Kylah-Rae Rose Foster pleaded guilty in Bundaberg District Court to three charges which included armed robbery in company. Photo: Social Media
Kylah-Rae Rose Foster pleaded guilty in Bundaberg District Court to three charges which included armed robbery in company. Photo: Social Media

Man robbed, threatened after being lured in by young mum

A YOUNG mum has avoided spending time behind bars for her part in an armed robbery.

Kylah-Rae Rose Foster, 23, was sentenced in Bundaberg District Court today after previously pleading guilty to three armed robbery in company, deprivation of liberty and unlawful use of a vehicle to facilitate the commission of an indictable offence.

The court heard Foster lured a man to her house where she promised him a "sexual interaction".

When the man arrived three men wearing hoods and armed with baseball bats and timber threatened him.

The men took the victim's cash and lead him to his car where they forced him into the back seat and drove him around looking for an ATM.

After some time they pulled over on the side of the road and wiped the steering wheel clean of fingerprints and left the man, threatening him not to call police.

The men also took the victim's phone and wallet.

Foster sent a number of messages to her co-accused which crown prosecutor Erin Kelly said demonstrated her knowledge of plans to rob the victim.

The court heard before the victim arrived, Foster sent a message to one of the co-accused asking how they would get money from the victim's bank account.

While the man was being driven around Foster also sent another message saying 'grab us a drink, and make sure he takes you to the bank, that's what we want'.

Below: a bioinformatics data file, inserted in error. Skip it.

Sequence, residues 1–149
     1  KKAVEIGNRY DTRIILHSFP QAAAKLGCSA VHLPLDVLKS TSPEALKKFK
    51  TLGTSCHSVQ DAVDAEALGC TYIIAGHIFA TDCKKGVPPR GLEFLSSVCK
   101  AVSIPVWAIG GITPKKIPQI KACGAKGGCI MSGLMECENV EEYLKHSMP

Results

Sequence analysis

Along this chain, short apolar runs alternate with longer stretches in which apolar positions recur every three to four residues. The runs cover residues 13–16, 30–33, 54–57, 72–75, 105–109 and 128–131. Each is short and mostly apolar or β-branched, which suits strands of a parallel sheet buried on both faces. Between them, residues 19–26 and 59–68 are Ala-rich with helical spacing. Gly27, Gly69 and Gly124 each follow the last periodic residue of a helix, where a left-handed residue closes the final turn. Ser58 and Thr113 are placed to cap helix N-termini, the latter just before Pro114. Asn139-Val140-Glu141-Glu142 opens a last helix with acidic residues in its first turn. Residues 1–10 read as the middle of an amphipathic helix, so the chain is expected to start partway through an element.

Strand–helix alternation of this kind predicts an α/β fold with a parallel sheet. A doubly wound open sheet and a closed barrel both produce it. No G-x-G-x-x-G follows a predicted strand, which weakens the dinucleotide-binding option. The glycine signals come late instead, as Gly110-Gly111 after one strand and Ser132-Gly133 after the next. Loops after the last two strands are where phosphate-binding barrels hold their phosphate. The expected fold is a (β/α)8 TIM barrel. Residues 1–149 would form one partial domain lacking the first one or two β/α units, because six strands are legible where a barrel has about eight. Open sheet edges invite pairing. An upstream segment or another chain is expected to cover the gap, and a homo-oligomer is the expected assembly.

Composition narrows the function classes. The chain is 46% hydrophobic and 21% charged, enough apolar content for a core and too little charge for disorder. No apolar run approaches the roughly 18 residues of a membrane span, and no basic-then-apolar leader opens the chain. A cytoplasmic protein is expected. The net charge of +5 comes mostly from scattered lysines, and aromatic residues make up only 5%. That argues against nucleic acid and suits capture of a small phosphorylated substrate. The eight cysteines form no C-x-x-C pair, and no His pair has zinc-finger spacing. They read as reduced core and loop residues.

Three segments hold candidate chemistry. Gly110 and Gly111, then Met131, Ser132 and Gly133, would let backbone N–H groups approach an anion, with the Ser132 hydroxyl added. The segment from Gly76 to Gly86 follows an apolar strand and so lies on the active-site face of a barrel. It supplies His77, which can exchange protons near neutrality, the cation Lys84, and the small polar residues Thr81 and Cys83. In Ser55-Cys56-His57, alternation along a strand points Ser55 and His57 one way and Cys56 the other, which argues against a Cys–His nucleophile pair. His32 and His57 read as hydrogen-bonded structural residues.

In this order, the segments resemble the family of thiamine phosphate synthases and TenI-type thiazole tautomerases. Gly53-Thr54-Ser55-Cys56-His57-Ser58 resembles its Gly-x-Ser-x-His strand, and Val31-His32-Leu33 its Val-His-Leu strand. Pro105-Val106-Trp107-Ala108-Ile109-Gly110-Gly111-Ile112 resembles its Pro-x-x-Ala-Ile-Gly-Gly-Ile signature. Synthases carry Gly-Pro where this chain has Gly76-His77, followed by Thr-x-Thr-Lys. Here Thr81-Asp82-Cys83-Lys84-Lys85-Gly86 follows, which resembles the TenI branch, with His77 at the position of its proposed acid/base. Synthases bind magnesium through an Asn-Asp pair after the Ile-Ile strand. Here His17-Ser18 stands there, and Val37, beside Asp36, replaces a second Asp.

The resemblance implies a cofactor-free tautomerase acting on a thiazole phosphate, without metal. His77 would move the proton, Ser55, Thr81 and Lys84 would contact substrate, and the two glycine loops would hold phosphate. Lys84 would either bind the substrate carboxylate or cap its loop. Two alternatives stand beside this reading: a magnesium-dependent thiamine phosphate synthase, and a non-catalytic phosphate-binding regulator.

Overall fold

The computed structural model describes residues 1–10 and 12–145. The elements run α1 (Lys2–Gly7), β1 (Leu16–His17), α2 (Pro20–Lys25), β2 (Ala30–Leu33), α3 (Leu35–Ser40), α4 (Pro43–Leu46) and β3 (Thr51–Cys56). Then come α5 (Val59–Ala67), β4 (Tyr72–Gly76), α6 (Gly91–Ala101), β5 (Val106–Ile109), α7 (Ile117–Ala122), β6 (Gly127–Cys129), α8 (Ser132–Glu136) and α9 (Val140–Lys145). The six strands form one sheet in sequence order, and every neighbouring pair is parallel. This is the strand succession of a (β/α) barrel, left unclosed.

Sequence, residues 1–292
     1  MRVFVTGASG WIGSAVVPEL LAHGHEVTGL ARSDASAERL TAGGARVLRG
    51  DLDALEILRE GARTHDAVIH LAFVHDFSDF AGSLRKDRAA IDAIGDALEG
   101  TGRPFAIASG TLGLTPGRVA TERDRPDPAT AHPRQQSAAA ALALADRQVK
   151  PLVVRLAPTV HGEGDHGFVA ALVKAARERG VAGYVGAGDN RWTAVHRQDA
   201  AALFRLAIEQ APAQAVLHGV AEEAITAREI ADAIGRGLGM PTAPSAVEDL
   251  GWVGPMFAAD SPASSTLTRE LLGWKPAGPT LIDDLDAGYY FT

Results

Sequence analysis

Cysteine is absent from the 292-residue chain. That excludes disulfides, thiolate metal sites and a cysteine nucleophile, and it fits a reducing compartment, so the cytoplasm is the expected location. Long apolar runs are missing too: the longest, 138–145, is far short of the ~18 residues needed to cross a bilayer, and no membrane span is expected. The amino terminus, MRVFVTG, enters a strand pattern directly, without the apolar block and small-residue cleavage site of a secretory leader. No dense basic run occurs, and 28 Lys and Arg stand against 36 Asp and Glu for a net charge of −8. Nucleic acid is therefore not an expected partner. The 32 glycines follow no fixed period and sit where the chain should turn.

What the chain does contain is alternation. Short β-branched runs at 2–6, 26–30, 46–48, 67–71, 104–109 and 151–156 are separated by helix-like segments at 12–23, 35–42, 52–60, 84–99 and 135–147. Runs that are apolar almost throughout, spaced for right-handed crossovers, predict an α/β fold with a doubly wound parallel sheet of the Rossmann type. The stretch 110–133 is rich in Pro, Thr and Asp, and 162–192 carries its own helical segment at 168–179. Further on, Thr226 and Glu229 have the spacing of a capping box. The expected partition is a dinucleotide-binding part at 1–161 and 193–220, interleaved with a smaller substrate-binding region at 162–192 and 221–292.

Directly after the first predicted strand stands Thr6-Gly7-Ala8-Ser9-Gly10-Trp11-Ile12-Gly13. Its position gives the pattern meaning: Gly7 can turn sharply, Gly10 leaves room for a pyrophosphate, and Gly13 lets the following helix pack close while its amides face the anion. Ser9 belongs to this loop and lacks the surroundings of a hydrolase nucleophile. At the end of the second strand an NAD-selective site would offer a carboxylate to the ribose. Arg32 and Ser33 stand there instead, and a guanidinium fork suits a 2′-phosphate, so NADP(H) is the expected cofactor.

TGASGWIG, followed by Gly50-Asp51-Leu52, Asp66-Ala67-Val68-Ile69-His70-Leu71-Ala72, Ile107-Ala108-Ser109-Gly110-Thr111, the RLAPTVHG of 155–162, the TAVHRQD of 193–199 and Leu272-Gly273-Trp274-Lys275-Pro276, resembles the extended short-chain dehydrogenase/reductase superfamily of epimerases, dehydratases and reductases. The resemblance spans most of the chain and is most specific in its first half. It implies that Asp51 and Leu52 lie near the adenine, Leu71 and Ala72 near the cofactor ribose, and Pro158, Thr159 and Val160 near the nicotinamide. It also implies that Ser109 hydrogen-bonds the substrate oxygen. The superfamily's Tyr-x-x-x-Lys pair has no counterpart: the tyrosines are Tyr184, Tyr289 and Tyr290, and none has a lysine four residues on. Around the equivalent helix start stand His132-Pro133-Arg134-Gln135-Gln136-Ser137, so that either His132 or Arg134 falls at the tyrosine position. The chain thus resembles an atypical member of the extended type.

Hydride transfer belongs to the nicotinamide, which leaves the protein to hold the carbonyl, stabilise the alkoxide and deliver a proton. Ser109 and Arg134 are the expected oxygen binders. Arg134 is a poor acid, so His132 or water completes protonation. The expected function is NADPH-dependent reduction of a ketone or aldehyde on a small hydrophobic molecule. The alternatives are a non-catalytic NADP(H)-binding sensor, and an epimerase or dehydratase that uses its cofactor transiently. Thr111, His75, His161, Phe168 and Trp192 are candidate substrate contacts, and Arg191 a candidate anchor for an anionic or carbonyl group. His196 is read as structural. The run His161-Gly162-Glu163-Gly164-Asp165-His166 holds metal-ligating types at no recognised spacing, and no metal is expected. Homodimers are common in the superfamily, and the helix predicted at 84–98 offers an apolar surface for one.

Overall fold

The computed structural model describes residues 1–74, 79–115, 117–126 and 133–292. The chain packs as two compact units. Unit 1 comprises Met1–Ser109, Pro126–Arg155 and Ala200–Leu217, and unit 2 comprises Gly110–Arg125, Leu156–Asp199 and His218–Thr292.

Foster was later arrested after police searched her home on July 10 last year.

She admitted to police that she arranged for the victim to go to her house, but denied threats and violence.

Crown prosecutor Erin Kelly told the court Foster's criminal history began when she was 21 years old and included drug offences.

She said at the time, Foster was also on bail for other offences.

Foster's barrister Nick Larter told the court his client was a mother of four.

Mr Larter said Foster instructed him that she had had an "unsettled and unstable" childhood.

He said Foster developed a problem with ice and mental health problems.

Mr Larter said his client had taken steps to address her drug use and that a residential rehab facility was available to her for her continued rehabilitation.

He said Foster was committed to her long-term rehabilitation.

Mr Larter said there was a "stark difference" between Foster's involvement in the offence and that of both the co-accused.

Judge Tony Moynihan took into account Foster did not challenge the facts and that she was a party in the crime.

He also took into account she had made partial admissions to police.

"You now have insight into the adverse consequences that flow from associating with an anti-social peer group," he said.

Judge Moynihan also took into account the steps Foster had taken to begin her rehabilitation.

He said the sentence he imposed must help with Foster's rehabilitation but punish her in a way that was just in all the circumstances.

Foster was sentenced to a head sentence of two and a half years imprisonment with an immediate parole release.

Judge Moynihan warned Foster that if she breached the order she would go to jail.

Convictions were recorded.